"It's one more example of the changing balance of power from specialist to primary care, whether you see that as market driven or regulated or however you see that happen," Singleton says. "But as government and payers start to favor that gatekeeper—more preventative primary care practice of medicine—we are going to continue to see these primary care providers ascend over specialists, at least on an average basis."
Singleton says the shift is largely due to the migration of primary care physicians away from private practice and toward the employed model.
"We recognize that the majority of this bump is because more of their physicians are employed now so there is greater control," he says. "These health systems have formulated these vast employee networks and it is no secret that an employed physician is going to be much more apt and even directed in some cases to push a lab or a test or a procedure or a referral down the hall and not down the street. They aren't going to send it to an independent imaging group or an independent lab like they used to. In essence that is not really creating new money. That is just pulling that money within the hospital walls."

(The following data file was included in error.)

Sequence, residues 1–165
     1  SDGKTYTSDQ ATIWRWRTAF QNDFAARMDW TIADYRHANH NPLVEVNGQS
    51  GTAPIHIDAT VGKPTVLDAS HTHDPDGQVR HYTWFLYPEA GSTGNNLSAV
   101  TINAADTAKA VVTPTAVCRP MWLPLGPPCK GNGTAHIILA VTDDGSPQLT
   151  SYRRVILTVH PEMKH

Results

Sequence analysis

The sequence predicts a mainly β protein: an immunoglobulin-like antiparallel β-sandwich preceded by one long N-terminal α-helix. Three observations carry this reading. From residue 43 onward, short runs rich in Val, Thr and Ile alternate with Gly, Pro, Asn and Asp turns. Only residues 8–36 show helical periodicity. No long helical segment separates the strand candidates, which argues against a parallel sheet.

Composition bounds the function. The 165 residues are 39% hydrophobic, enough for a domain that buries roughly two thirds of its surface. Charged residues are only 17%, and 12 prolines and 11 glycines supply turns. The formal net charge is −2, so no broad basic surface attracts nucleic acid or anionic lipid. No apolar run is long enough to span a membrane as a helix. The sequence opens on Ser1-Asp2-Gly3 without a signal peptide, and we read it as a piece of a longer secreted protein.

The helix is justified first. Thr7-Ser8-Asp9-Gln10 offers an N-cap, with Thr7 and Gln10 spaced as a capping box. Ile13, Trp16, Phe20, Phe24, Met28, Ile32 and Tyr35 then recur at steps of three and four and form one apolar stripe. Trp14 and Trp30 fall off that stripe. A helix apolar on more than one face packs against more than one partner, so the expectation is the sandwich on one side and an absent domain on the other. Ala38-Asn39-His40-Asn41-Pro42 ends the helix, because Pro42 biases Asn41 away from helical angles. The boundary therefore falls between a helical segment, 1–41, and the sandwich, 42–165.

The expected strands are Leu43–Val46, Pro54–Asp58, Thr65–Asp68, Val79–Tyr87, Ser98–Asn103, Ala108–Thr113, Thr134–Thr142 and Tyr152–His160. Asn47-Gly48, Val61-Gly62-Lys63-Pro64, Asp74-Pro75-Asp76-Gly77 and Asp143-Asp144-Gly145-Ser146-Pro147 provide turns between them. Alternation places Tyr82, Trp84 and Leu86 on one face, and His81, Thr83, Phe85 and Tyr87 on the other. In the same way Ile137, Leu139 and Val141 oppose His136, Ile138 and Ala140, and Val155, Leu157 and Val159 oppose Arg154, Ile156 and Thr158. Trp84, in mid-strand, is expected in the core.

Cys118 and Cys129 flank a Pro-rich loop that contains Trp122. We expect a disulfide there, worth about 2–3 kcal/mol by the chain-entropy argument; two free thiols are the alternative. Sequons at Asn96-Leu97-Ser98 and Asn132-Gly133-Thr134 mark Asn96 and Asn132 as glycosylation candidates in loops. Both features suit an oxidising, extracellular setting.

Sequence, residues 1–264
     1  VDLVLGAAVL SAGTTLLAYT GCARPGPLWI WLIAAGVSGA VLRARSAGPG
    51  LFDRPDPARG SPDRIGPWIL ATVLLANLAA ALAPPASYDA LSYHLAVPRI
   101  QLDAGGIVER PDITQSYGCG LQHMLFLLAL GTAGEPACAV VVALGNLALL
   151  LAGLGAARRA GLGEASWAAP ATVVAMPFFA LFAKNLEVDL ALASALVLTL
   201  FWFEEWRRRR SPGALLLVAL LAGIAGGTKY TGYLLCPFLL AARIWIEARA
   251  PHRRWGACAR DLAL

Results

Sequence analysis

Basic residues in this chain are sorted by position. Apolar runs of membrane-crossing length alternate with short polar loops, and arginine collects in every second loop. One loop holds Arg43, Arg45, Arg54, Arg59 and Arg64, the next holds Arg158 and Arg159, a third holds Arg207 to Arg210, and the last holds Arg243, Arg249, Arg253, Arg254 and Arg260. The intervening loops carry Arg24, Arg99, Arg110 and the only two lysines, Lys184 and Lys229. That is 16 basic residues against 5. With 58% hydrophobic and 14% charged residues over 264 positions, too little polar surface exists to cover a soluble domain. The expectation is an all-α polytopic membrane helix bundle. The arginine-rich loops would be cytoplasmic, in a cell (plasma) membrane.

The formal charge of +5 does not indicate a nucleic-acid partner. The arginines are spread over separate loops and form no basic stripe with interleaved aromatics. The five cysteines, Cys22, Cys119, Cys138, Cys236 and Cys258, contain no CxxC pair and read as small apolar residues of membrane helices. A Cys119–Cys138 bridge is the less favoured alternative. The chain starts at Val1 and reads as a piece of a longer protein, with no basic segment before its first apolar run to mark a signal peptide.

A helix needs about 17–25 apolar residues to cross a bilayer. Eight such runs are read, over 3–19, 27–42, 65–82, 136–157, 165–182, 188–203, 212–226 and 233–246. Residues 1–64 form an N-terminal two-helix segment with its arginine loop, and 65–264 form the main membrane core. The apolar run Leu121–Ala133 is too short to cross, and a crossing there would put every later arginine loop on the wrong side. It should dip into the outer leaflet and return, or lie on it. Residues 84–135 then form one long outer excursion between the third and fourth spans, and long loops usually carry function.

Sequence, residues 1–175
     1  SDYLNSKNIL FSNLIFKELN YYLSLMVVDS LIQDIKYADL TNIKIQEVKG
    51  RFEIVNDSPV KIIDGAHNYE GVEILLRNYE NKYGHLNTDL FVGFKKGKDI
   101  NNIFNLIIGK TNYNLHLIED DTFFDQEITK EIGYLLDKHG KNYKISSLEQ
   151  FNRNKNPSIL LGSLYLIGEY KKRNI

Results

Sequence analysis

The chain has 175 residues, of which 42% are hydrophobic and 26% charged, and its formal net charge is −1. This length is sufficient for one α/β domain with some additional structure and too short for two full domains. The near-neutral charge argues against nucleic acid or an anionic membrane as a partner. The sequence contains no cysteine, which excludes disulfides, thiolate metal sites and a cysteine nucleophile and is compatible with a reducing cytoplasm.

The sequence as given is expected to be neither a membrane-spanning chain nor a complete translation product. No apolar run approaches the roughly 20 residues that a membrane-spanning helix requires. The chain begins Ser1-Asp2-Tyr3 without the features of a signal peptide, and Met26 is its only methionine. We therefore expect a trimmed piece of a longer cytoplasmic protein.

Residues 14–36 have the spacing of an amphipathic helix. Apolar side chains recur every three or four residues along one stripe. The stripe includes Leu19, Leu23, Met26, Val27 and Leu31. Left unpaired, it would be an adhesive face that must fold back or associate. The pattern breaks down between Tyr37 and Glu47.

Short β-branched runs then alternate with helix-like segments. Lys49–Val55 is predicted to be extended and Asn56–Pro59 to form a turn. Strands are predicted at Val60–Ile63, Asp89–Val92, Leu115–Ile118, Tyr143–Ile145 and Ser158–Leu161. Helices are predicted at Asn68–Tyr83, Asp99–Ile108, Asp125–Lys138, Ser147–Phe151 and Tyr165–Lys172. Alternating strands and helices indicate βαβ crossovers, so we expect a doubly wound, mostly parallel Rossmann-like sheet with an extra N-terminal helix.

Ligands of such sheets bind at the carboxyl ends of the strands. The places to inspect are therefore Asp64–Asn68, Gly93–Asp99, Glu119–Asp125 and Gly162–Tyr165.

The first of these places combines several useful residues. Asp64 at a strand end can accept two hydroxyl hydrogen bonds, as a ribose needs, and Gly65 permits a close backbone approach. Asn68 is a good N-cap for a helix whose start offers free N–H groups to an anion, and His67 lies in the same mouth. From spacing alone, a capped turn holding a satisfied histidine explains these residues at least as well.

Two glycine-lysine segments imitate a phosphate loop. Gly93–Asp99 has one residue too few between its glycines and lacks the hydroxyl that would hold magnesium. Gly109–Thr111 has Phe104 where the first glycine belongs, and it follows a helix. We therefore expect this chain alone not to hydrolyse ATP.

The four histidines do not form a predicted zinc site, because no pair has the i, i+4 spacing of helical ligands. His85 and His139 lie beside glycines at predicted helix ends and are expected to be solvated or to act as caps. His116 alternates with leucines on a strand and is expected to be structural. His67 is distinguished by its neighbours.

"As the primary care physician evolves into this quarterback of the medical home model and if they truly do what they are being designed to do, which is to control the entire flux of that patient, in theory they would dictate what tests happen and what procedures are necessary, what specialist are brought in, what preventative care or home health measures are used," Singleton says.